Selected aspects of magnetic surface anisotropy are reviewed. The emphasis is on methods for deducing reliable surface anisotropy values from experiments such as ferromagnetic resonance at microwave frequencies and Brillouin scattering at optical frequencies. The methods used are the "general exchange boundary condition method" and the "effective volume anisotropy method". The essence of the former is the supplementing of the equation of motion of the magnetization with the general exchange boundary condition whereas the latter consists of using the "stratagem" of effective volume anisotropy. We find that use of the general exchange boundary condition method is not only preferable in principle but often actually necessary to prevent the prediction of wrong surface anisotropy values and to permit the prediction of some observable Brillouin shifts.

  6. Spintronic magnetic anisotropy

    OpenAIRE

    Misiorny, Maciej; Hell, Michael; Wegewijs, Maarten R.

    2014-01-01

    An attractive feature of magnetic adatoms and molecules for nanoscale applications is their superparamagnetism, the preferred alignment of their spin along an easy axis preventing undesired spin reversal. The underlying magnetic anisotropy barrier --a quadrupolar energy splitting-- is internally generated by spin-orbit interaction and can nowadays be probed by electronic transport. Here we predict that in a much broader class of quantum-dot systems with spin larger than one-half, superparamag...

  7. Magnetic anisotropy in nanostructures

    CERN Document Server

    Eisenbach, M

    2001-01-01

    method for solving the LDA Kohn-Sham equation. This extended code allows us to perform fully relativistic calculations to enable us to investigate the spin orbit coupling effects leading to anisotropies and potentially non collinear ordering of magnetic moments in these systems of magnetic inclusions in copper. With this approach we find that depending on the orientation of the atoms along the 100 or 110 direction in copper the ground state orientation of the magnetic moments in the chain is either perpendicular or parallel to the chain direction, when the magnetic dipolar interaction energy is added to the final ab initio result. In this thesis we investigate the effect of magnetic anisotropies in nanostructured materials. The main emphasis in our work presented here is on systems that have an underlying one dimensional structure, like nanowires or atomic chains. In a simple classical one dimensional model we show the rich ground state structure of magnetic orientations one might expect to find in such syste...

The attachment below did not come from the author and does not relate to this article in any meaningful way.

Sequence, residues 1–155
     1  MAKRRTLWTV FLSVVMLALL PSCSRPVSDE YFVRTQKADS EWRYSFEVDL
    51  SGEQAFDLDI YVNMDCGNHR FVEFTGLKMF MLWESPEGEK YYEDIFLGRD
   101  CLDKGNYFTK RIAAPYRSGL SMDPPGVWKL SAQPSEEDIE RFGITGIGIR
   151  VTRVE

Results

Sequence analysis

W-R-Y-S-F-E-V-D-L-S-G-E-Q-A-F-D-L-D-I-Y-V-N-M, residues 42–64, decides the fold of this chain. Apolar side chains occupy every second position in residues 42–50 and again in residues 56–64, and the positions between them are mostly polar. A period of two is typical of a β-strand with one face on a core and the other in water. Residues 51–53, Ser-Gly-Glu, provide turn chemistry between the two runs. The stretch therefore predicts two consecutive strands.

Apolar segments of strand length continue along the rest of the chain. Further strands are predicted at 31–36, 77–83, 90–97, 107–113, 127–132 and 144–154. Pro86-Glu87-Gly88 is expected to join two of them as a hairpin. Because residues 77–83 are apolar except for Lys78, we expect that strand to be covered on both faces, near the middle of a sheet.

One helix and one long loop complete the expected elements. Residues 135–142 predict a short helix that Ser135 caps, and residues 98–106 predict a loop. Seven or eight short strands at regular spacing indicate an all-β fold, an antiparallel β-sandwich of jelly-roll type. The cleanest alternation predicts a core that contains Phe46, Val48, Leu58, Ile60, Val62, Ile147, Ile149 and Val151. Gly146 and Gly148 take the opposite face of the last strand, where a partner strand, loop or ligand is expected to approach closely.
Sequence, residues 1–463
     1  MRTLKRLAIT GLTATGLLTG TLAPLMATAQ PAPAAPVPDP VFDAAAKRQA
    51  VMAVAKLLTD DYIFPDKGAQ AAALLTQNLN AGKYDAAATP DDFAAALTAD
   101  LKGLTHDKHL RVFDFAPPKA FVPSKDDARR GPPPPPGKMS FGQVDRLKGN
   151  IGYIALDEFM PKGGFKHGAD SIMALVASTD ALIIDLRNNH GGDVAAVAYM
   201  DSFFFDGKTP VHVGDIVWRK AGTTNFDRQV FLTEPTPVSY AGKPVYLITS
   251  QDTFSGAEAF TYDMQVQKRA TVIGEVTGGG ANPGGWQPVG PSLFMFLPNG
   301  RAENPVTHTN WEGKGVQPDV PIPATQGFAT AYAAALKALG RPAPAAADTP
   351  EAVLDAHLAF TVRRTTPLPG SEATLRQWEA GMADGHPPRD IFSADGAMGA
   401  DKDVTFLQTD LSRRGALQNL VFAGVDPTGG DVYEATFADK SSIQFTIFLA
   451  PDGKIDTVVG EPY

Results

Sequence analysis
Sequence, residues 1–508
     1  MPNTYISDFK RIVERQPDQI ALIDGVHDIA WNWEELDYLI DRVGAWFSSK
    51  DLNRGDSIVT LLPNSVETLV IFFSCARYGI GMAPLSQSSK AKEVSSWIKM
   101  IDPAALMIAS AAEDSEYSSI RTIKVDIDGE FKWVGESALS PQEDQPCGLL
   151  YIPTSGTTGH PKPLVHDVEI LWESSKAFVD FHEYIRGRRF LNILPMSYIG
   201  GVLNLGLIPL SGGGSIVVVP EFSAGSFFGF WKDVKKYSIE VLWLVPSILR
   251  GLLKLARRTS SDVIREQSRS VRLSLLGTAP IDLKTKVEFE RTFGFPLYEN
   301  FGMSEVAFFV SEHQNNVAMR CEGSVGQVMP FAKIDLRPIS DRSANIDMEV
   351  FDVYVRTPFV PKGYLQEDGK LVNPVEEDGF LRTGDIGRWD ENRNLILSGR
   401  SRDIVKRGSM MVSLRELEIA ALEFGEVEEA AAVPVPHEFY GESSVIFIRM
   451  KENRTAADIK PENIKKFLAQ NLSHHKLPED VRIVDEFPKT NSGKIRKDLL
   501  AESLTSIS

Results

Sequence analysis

8. Voltage Control of Magnetic Anisotropy

    Science.gov (United States)

    Hao, Guanhua; Cao, Shi; Noviasky, Nick; Ilie, Carolina; Sokolov, Andre; Yin, Yuewei; Xu, Xiaoshan; Dowben, Peter

    Pd/Co/Gd2O3/Si heterostructures were fabricated via pulsed laser deposition and e-beam evaporation. Hysteresis loops, obtained by longitudinal magneto-optical Kerr-effect (MOKE) measurements, indicates an initial in-plane magnetic anisotropy. Applying a perpendicular voltage on the sample, the differences between the polar and longitudinal MOKE and anomalous Hall effect data indicates there is a reversible change in magnetic anisotropy, from in-plane to out-of-plane, with applied voltage. Prior work by others suggests that the change in magnetic anisotropy is due to redox reactions at the Co/Gd2O3 interference. Voltage controlled magnetism can result from changing interfacial chemistry and does not always require a magneto-electric coupling tensor.

  9. Magnetized CMB anisotropies

    Energy Technology Data Exchange (ETDEWEB)

    Giovannini, Massimo [Centro ' Enrico Fermi' , Compendio del Viminale, Via Panisperna 89/A, 00184 Rome (Italy); Department of Physics, Theory Division, CERN, 1211 Geneva 23 (Switzerland)

    2006-01-21

    Possible effects of large-scale magnetic fields on the cosmic microwave background (CMB) are reviewed. Depending on the specific branch of the spectrum of plasma excitations, magnetic fields are treated either within a two-fluid plasma description or within an effective (one-fluid) approach. The uniform field approximation is contrasted with the fully inhomogeneous field approximation. It is argued that the interplay between CMB physics and large-scale magnetic fields will represent a rather interesting cross-disciplinary arena over the next few years. (topical review)